Classic Rock’s New Releases Round-Up
For the first round-up of 2012, we’ve got the new song from a reunited mega band, reissues from NWOBHM stalwarts and prog legends, plus a new album from the band who invented black metal.
Words: Malcolm Dome
So, the wait is over. A new Van Halen song. Tattoo (Interscope) is the new single, and it’s already divided opinion. Some love it, others hate. Personally, I feel it’s a complete let down. A highly disappointing and ultimately failed attempt to recapture the glory days of the Diamond Dave era. Let’s hope there’s much better to come from the album A Different Kind Of Truth. Oh, and doesn’t this unreleased song from 1977 remind you of Tattoo?
More were one of the NWOBHM era bands who never quite made the expected impact. They did feature one-time Iron Maiden vocalist Paul Mario Day on their 1981 debut Warhead (Rock Candy). Now reissued, if anything it’s got better with age. A real master blaster.
The late John Du Cann was always an underrated guitarist. His work with the equally undervalued Atomic Rooster in the early 1970s was highly impressive. The Many Sides Of: 1967-1980 (Angel Air) is a compilation is his work not just with the Rooster but before and after his stint with them. The likes of late 60s band Andromeda come across well, but it’s still the Atomic stuff that holds up best. Du Cann himself put this together just prior to his death.
The first Genesis album has always stuck out as being almost completely at odds with what was to come. The reissue of From Genesis To Revelation (Repertoire) does nothing to persuade you that it really should be taken seriously as a prog classic. Produced by Jonathan King and originally released in 1969, it comes across as an album from a band still finding their mark and direction. There are hints at what was to follow, but mostly it’s psychedelically tinged pop.
Crippled Black Phoenix are a band featuring musicians associated with Electric Wizard, Iron Monkey and Mogwai. But as they show on new album (Mankind) The Crafty Ape (Cool Green) they owe so much to the heritage of Pink Floyd. At time they stray across the line between influence and mimickry, but that rarely happens. Most of the time, this double CD offers intelligent, sophisticated yet accessible music that has a 1970s pulse, but definitely a contemporary spine.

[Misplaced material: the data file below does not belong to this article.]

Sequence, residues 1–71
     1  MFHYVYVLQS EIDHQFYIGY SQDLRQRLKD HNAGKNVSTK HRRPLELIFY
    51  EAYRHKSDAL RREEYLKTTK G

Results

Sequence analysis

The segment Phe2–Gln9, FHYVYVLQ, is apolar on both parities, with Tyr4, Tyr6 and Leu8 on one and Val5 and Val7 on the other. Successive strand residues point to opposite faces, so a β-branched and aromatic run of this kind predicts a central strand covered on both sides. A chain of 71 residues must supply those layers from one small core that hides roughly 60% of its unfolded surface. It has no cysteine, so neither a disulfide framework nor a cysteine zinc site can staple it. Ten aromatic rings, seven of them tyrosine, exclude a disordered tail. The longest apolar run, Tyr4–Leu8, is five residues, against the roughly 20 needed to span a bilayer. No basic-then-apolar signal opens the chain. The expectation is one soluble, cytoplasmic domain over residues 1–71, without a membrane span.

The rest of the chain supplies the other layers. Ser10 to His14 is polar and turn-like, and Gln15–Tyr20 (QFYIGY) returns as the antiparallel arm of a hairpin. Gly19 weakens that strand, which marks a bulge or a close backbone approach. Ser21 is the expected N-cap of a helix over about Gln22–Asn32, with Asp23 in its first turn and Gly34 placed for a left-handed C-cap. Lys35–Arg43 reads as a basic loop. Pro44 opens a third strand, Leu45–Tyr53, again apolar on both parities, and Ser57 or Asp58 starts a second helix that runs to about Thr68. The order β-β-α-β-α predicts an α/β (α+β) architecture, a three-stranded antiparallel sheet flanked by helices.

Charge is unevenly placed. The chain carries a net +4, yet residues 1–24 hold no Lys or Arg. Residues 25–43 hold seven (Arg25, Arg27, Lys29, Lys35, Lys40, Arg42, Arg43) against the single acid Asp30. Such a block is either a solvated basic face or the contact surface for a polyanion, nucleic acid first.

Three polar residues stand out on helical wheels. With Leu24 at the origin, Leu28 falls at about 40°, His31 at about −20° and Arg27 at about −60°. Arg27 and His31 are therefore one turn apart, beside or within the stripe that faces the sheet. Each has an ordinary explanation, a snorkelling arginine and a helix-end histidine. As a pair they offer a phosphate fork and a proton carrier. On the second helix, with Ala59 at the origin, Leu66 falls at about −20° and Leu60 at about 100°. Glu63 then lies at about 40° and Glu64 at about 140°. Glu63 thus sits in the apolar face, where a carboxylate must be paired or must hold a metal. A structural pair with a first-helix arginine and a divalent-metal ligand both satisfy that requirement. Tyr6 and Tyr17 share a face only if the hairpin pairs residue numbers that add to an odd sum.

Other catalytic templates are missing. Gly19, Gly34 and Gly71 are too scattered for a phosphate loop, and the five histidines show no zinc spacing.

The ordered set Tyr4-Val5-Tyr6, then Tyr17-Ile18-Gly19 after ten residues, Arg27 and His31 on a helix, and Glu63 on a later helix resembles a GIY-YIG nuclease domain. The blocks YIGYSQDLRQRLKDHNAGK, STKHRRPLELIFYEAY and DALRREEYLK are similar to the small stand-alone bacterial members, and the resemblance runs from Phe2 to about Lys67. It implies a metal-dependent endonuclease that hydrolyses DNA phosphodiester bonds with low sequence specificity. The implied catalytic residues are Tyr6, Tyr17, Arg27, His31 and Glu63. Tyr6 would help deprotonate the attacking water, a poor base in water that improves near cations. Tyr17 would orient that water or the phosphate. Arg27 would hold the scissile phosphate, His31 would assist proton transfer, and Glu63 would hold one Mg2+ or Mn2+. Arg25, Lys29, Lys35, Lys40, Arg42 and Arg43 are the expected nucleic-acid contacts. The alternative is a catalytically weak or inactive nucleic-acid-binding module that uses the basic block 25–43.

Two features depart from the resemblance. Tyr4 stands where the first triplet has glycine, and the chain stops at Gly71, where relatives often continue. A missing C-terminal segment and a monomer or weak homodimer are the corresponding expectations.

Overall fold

Released at the end of last year, Imaginaerum (Nuclear Blast) is the most ambitious album yet from Nightwish. It has a sweeping, epic power, and the band haven’t been afraid to overload the senses. In a strange way, this is Abba but with everything turned up to beyond OTT.
Venom revert to a tried and trusted approach for Fallen Angels (Spinefarm). This is old school Venom and all the better for it. The riffs are dark, the songs are imaginative yet sparse and the overall impact is of a band proving they are still more than capable of living up to their stature as true metal pioneers.
Finally, Black Rain offer some convincing trash ‘n’ roll on Lethal Dose Of… (SPV). It’s hard to believe they’re French, because that country has no pedigree with this sort of music. But these Black boys really do swing with a Crue/Hanoi grip. They’re on tour in the UK next month. Check ’em out if this is to your lipsmackin’ taste.
Tags: Andromeda, Atomic Rooster, Black Rain, Criippled Black Phoenix, Electric Wizard, Genesis, Hanoi Rocks, Iron Maiden, Iron Monkey, John Du Cann, Mogwai, More, Motley Crue, Nightwish, Paul Mario Day, Pink Floyd, Van Halen, Venom